None of the social ties or social support variables significantly predicted changes in MMSE between baseline and 6-month follow-up (table (table4).4). Higher levels of emotional support predicted greater levels of recovery (change) on the Cognitive Summary Score in models with full covariate adjustment (β = 0.15; 95% CI: 0.07, 0.30). This relationship did not differ significantly for individuals older or younger than 71 (β for interaction = −0.01; 95% CI: −0.19, 0.27). Figure Figure11 displays the predicted median change in Cognitive Summary Score by level of emotional support. Emotional support was significantly related to recovery in the Immediate Recall score (β = 0.28; 95% CI: 0.04, 0.55) but not with any other component cognitive test. No other social ties variable predicted recovery on the Cognitive Summary Score.
Our results indicate that stroke survivors who reported social ties in multiple areas and those with higher emotional support immediately after stroke have better Cognitive Summary Scores 6 months later compared to socially isolated individuals or those with less emotional support. Contrary to our hypotheses, baseline social ties did not predict greater recovery (improvements) during the follow-up period; in other words, the advantage evident at the 6-month follow-up was similar to the advantage that prevailed at the baseline poststroke assessment. Higher levels of emotional support at baseline predicted better cognitive recovery during the follow-up period such that a 1-standard-deviation increase in emotional support was associated with a 0.14-standard-deviation-larger improvement in the Cognitive Summary Score. These results should be interpreted cautiously in light of the study's limitations.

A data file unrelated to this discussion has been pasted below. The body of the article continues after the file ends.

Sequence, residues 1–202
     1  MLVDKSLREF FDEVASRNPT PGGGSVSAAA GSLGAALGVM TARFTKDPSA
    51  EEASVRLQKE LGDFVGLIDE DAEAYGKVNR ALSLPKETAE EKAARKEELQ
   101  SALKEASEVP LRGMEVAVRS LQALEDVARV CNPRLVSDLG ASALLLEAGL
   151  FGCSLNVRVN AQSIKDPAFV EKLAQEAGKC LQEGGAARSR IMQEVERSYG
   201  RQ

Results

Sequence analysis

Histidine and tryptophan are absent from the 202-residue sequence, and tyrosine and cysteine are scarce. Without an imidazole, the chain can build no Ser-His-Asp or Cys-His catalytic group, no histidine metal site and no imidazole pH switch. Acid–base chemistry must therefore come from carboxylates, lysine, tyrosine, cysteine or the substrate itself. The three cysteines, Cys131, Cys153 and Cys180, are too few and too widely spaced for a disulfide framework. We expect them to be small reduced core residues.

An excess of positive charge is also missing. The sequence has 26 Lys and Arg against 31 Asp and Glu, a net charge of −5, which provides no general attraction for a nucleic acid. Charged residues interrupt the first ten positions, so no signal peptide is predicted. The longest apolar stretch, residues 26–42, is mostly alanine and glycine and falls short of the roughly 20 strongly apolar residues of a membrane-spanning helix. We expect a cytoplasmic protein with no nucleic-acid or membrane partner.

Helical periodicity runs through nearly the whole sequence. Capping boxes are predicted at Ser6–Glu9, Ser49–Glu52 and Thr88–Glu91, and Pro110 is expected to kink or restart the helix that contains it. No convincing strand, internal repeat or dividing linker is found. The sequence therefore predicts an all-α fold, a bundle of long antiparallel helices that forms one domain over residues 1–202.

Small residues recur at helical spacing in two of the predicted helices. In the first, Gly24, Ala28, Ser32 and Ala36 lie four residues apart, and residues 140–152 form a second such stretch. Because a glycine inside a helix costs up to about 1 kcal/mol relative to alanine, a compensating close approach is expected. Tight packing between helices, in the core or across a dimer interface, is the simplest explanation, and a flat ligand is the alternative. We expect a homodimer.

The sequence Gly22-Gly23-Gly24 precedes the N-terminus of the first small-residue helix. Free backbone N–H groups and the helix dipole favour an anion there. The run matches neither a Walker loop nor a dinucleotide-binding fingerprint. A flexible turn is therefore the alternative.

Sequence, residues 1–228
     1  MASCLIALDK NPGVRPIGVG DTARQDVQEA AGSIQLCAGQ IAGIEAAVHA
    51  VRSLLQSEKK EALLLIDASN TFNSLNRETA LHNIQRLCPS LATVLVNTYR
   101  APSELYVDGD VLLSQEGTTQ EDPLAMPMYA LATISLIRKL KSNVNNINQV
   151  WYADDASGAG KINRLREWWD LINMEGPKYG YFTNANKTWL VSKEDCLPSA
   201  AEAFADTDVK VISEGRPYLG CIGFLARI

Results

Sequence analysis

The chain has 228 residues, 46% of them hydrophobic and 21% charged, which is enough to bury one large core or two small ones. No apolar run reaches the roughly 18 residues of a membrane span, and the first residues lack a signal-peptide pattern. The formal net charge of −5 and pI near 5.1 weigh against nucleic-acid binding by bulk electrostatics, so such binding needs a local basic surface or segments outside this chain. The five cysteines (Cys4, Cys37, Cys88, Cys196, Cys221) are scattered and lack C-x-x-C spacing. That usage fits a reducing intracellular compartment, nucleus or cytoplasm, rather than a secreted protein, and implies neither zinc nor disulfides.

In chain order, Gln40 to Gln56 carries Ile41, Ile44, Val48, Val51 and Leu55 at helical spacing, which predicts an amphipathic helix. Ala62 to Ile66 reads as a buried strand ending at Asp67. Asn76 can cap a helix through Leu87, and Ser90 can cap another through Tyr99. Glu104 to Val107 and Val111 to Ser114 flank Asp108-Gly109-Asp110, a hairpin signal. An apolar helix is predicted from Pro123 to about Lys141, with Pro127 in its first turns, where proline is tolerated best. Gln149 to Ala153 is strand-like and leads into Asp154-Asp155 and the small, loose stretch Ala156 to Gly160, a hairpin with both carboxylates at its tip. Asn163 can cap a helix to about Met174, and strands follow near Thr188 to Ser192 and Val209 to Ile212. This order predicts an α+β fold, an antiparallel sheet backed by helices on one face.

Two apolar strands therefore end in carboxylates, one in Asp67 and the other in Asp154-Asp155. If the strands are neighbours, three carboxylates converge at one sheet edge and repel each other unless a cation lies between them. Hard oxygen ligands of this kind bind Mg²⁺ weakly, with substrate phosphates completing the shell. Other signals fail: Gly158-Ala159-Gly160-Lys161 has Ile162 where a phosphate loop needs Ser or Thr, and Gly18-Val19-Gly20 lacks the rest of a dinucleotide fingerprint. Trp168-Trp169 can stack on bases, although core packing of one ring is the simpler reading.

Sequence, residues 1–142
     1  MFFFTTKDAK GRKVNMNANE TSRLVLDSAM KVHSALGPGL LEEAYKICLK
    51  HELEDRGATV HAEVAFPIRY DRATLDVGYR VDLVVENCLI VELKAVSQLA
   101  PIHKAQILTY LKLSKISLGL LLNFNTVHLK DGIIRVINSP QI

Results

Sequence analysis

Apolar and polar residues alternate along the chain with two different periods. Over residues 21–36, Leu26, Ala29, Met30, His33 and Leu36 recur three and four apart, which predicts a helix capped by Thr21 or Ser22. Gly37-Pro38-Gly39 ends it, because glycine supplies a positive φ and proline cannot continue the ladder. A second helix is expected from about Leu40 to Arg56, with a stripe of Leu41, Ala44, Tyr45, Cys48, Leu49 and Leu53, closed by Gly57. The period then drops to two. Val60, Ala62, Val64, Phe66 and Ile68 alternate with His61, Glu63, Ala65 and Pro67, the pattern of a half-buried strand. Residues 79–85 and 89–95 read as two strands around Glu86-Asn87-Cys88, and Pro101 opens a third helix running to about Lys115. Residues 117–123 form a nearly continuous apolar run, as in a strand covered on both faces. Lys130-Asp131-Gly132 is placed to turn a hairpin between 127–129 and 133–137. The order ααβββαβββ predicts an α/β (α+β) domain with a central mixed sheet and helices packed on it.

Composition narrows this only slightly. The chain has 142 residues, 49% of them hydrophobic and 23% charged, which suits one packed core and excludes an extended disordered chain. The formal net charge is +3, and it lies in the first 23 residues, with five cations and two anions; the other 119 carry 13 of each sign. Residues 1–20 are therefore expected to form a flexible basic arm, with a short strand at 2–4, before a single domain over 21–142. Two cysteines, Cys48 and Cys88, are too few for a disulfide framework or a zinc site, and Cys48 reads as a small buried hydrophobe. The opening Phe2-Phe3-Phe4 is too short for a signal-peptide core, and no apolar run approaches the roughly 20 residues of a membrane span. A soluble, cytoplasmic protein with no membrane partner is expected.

FIRST participants may not be representative of the population of stroke survivors. The trial excluded patients with either extreme social isolation or cognitive impairment. Comparisons with the distributions of cognitive scores of stroke survivors in the Health and Retirement Study/Aging, Demographics and Memory substudy suggest that FIRST participants are generally more highly functioning than community samples (results available from authors). If the effects of social integration and health are strongest at extreme levels of isolation, our results may underestimate relationships between social ties and poststroke cognitive outcomes. Selection based on stroke survival, differential dropout or test refusal may also bias findings, although there was not a strong association between social ties and loss to follow-up. Enrollment of stroke survivors made it difficult to conduct careful cognitive assessments promptly after stroke, and recovery during the period between stroke and first cognitive assessment (averaging 17 days) could obscure effects of social ties on cognitive recovery. The relatively small sample of 272 stroke survivors is an additional limitation, reflected in wide CIs for some parameter estimates. The small sample also precludes correction for multiple-hypothesis testing, suggesting that caution is appropriate in interpreting the statistical tests of significance. However, samples of stroke survivors are typically small and replication of results in independent samples is usually necessary for confirmation.